Ixalan was fairly mediocre for me. I picked up a few mediocre playables. Dusk Legion Dreadnought was something I was unsure of playing, but I figured it was a nice combo with Golden Guardian. It’s possible I misbuilt this one and should have been playing River Sneak and Deeproot Waters. I was a little light on 2s, but River Sneak blocks so poorly for a deck that wants to be playing cards like Secrets of the Golden City and Kumena’s Awakening, and Deeproot Waters didn’t seem quite good enough with only 9 Merfolk left in the deck.
I did pick up the HOT HOT COMBO of Induced Amnesia + Release to the Wind, but I did not have the courage to try to assemble that contraption in this particular deck. Maybe if I’d had a way to kill/bounce the Amnesia on the rebound.
Round 1 Game 1, we both stumbled on lands. My opponent was able to back up a Shaper Apprentice and a Spire Winder with enough removal to get there before I got Golden Guardian online. Game 2, my opponent conceded way early at 20 life. Maybe it was a shame concession when they attacked Jade Guardian into my active Gold-Forge Garrison, but they had a Soul of the Rapids that was currently unchecked. I had a Crashing Tide and a Riverwise Augur in hand, so I was probably going to be able to find a way to block that thing and take over with my golems, but I think they definitely were not dead. Game 3, I was able to Ascend a Spire Winder and bounce/pump my way through anything that tried to stop me.
Round 2, I got my comeuppance for my first draft, as Tetzimoc (who clearly does love raw fish) showed up both games. I never had a chance. Substitute Tetzimoc for just about any other card in the set, though, and I think I can win that matchup. I felt like I had the edge in the other 39 cards.
Round 3, I played against a GW dinosaur deck that was playing swamps. I spent the whole time certain that I was going to see the dreaded “Tetzimoc, Primal Death has entered the revealed card zone.” Fortunately, that never happened. I took down game 1 with the ol’ golem factory. Game 2 got a little dicey as the board stalled out. I had an active Kumena’s Awakening and had a hard time finding a flying creature or Golden Guardian. I eventually did find Shaper Apprentice and Spire Winder in time to kill my opponent with 2 cards left in my library.
This deck did feel a little clunky. I was overloaded on 4s. I definitely should have cut the Jadecraft Artisan for a 2- or 3-drop. I did that after sideboarding in most rounds. Orazca Frillback came in off the bench and blocked very well against beefier creatures, and tried valiantly to race my opponent’s Tetzimoc in round 2.
It did feel real nice to play a Riverwise Augur followed by Evolving Wilds. I think good mana fixing is already a high pick, but I will snap up any and all shuffle effects if I have an Augur or two.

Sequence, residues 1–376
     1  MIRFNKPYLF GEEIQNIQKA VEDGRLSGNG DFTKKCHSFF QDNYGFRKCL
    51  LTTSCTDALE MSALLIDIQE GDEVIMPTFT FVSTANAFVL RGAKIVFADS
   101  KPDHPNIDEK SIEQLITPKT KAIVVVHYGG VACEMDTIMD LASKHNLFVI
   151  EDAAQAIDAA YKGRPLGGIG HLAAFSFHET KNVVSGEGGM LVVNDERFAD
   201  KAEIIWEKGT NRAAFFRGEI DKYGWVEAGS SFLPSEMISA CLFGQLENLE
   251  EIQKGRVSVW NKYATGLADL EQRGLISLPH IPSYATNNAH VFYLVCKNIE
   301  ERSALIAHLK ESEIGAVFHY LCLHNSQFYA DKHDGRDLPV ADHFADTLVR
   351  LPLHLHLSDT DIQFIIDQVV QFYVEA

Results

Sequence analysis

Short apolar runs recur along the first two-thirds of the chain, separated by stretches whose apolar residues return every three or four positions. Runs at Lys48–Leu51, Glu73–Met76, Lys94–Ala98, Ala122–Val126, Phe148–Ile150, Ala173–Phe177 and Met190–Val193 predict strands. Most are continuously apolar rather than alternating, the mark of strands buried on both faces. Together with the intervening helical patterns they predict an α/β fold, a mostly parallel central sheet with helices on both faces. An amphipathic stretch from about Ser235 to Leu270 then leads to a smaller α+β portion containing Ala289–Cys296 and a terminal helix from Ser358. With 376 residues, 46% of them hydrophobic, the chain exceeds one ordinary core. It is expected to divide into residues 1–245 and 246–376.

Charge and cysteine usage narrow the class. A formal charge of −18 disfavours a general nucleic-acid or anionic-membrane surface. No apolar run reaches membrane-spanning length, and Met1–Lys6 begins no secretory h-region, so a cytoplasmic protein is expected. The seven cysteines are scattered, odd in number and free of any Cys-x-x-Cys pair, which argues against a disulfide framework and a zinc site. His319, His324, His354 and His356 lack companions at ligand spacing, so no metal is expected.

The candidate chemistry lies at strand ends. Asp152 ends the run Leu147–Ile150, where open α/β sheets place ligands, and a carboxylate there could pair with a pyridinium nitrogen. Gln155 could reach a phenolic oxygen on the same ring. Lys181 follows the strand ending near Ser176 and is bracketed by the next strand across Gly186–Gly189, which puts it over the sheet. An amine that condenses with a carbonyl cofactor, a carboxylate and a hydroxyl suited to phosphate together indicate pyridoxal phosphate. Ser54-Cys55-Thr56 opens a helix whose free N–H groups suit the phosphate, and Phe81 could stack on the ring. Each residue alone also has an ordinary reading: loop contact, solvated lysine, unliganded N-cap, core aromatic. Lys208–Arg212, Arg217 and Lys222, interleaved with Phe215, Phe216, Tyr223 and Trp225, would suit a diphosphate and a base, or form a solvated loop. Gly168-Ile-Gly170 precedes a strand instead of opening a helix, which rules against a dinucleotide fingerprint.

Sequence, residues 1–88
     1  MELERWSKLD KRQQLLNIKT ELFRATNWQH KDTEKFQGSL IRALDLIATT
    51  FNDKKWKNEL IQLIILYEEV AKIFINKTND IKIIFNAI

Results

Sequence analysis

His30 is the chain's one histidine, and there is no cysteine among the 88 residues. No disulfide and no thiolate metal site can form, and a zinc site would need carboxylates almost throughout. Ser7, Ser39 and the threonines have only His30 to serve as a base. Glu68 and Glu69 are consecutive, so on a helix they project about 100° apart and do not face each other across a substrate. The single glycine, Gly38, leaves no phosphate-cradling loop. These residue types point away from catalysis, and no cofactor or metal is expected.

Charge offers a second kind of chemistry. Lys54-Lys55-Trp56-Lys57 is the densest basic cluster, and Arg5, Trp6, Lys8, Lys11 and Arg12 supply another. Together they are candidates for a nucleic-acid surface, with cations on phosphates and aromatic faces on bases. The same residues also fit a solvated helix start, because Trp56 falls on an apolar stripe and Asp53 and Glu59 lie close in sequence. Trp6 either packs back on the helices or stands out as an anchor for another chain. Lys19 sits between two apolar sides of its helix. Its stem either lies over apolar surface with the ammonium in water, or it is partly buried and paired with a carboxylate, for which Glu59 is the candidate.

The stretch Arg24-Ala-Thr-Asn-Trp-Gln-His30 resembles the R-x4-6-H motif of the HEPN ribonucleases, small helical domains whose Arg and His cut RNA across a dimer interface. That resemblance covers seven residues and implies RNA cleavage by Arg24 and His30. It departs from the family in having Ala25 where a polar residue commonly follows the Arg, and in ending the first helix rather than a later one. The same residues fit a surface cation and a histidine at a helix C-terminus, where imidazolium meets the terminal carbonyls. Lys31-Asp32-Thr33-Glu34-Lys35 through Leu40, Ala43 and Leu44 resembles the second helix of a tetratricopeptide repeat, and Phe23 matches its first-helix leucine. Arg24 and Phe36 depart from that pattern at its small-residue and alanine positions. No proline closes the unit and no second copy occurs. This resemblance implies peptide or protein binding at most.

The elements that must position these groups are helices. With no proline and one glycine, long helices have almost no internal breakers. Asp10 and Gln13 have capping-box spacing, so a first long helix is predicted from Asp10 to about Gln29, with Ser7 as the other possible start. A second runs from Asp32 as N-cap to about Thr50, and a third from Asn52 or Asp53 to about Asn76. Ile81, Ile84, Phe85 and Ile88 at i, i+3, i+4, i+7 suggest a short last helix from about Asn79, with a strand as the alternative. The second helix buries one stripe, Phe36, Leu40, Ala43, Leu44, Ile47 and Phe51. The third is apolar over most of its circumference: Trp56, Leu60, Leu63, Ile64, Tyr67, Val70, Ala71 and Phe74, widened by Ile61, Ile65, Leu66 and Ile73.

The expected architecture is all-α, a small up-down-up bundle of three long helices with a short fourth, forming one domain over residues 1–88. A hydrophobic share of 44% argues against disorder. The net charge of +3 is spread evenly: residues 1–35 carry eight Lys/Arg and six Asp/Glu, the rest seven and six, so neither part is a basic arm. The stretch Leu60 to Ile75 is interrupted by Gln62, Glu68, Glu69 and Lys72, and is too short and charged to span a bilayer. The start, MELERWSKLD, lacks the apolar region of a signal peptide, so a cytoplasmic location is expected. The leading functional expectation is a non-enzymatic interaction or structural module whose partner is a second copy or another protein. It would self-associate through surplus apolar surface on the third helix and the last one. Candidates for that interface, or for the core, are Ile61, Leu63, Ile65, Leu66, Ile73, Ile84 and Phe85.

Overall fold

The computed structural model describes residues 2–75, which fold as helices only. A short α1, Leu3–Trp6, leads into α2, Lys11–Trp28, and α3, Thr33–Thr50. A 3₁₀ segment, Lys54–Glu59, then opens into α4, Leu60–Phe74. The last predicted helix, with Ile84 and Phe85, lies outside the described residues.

Golden Guardian might just be a trap. I misread the card at first, thinking it was 2 mana to activate on the back side. 4 mana means that you often won’t get to do anything else if you make a 4/4. Fantastic in a longer game, obviously, but if you’re getting beaten down by flying creatures, it’s not very useful. If the activation was slightly cheaper, you could both play some sort of kill spell or blocker AND make a golem, and then you’re cooking with gas.
Flipping it will usually cost you not just the 4/4 body, but also another creature, or even two. It’s rare that your opponent will make an attack that lets you flip it unless they think they can race the factory. If you’re in the market for a 4/4 for 4 with Defender, by all means, play it. Or if you have a lot of 5/5s floating around, go for it. But I found it a little clunky in most matchups. Not something I’ll take too highly in the future.
7-2 is a solid way to start the format. I drafted a good mix of colors and archetypes. The format definitely felt slower. I can’t imagine playing a card like Secrets of the Golden City or Kumena’s Awakening in triple-Ixalan. I saw a lot of Merfolk decks, and they all looked really, really good when they had a Mistbinder in play. I wasn’t super impressed by any of the other decks I ran into, nor was I that impressed with any of my own. Certainly none had any of the punch that some of the hyper aggressive Ixalan decks had. I think that’s a good thing. When everyone is doing fair things, it allows for more interesting gameplay decisions. Obviously, nine matches isn’t enough to draw massive conclusions about the format, but right now it seems like a massive improvement over triple-Ixalan.
I did get to try out some weird rares this week. Kumena’s Awakening and Path of Mettle impressed. Golden Guardian did not.
Whew, this was longer than I thought. Perhaps fewer details next time, especially if I get up to 5 or 6 drafts next week.